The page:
Yakutia students develop phone-controlled ‘smart’ house
20 Apr '15
Students at the Northeastern Federal University in Yakutia, in East Siberia, have developed a ‘smart house’ module to control energy consumption and household security from a mobile phone, the Russian news agency TASS reported, citing Ivan Nogovitsyn of the development team.
“We have come up with a module that is fully controlled through a mobile app. The functions it controls include an electric power meter, allowing the user to control power consumption on a real time basis from his smartphone; a speakerphone, enabling the home owner to know from anywhere in the world on a real time basis he has guests downstairs; as well as 14 power outlets and switches, also to be controlled from a phone,” Mr. Nogovitsyn explained.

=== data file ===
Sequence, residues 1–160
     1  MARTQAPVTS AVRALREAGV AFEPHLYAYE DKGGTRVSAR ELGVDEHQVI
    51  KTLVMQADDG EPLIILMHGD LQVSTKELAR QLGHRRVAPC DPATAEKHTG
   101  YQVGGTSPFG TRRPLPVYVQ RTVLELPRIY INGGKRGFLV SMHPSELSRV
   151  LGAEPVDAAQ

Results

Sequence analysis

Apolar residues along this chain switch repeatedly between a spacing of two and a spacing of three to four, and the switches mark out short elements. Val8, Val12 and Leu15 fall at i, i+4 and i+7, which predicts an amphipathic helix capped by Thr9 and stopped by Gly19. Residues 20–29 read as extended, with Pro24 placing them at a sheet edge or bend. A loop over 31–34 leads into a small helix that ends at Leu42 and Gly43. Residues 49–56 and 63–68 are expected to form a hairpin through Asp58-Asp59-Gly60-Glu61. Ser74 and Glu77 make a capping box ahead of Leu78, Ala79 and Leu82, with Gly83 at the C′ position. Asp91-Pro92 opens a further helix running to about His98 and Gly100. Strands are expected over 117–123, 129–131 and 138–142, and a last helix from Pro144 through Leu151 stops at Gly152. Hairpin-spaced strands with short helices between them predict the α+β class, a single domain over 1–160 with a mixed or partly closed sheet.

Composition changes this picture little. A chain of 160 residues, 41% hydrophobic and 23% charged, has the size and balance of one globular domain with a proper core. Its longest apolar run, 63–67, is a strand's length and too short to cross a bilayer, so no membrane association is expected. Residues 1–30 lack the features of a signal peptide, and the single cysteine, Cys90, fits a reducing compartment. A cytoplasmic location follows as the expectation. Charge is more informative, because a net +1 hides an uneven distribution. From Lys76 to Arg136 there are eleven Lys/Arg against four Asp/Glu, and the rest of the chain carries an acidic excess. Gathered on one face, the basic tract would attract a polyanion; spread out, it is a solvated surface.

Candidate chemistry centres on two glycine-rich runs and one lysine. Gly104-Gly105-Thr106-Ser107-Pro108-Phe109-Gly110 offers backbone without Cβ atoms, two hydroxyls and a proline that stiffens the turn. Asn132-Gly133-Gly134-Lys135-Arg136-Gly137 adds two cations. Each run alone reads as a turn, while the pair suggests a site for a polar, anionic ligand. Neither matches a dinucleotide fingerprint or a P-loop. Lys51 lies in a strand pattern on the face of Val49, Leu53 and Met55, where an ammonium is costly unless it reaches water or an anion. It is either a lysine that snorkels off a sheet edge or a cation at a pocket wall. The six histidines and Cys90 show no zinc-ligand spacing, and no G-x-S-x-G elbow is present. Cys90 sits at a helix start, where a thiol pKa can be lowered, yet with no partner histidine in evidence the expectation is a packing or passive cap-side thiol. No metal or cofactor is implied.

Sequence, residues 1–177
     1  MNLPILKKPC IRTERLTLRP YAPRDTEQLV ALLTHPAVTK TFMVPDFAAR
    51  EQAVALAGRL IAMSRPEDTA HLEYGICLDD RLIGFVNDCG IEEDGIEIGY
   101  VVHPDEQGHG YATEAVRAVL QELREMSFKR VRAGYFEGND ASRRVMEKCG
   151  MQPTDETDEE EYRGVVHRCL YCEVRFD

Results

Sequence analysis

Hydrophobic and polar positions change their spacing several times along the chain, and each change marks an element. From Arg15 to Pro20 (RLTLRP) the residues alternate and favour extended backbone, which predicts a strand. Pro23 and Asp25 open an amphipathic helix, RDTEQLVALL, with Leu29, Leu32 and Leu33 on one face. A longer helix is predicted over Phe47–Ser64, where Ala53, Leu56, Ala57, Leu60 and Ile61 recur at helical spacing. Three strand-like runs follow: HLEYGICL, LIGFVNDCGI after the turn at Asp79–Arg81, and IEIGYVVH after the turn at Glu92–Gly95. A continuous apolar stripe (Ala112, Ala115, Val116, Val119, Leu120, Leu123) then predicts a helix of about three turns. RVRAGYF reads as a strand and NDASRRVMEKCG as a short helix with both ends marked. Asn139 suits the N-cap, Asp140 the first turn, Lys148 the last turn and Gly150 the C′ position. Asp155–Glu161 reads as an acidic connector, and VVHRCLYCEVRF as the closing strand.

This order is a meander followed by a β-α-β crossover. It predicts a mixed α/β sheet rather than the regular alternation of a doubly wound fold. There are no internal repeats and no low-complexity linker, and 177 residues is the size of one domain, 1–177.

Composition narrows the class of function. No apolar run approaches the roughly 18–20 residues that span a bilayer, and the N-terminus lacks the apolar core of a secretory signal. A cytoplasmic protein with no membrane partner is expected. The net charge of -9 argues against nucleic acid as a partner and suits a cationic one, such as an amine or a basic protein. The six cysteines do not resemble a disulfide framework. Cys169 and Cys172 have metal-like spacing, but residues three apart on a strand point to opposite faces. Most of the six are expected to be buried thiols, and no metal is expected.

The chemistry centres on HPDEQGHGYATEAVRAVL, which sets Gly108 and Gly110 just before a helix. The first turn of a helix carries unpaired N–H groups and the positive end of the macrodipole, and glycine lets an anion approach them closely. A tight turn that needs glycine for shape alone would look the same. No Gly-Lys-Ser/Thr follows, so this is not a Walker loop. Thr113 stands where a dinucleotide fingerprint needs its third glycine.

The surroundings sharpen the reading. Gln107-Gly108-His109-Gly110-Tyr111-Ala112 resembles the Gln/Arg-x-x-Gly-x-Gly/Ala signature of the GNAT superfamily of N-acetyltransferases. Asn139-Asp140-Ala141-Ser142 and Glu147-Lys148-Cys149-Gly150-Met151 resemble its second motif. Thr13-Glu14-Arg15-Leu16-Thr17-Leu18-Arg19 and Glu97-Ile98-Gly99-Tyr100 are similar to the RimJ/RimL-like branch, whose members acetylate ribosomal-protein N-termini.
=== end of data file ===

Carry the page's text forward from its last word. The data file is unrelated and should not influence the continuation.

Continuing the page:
The team estimates the module to cost about $940 (at a current exchange rate of 54 rubles per dollar). “A user buys a module for use in his home, and we provide ongoing technical support,” he added.
The project was backed by an $18,500 grant from the Northeastern Federal University and the Yakutia venture company.
“We will use the grant funding to set up shop for small-scale production in China, and then will work to extend capacity,” Mr. Nogovitsyn said.